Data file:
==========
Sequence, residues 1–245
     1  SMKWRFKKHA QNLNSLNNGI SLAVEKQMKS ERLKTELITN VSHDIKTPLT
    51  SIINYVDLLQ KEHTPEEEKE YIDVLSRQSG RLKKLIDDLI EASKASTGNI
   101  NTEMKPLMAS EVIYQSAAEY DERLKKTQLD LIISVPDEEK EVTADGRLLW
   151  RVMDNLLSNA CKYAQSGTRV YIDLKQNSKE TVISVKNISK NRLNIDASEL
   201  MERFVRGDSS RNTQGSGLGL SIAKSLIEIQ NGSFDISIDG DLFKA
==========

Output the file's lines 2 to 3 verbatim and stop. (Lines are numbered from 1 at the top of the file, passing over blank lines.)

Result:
     1  SMKWRFKKHA QNLNSLNNGI SLAVEKQMKS ERLKTELITN VSHDIKTPLT
    51  SIINYVDLLQ KEHTPEEEKE YIDVLSRQSG RLKKLIDDLI EASKASTGNI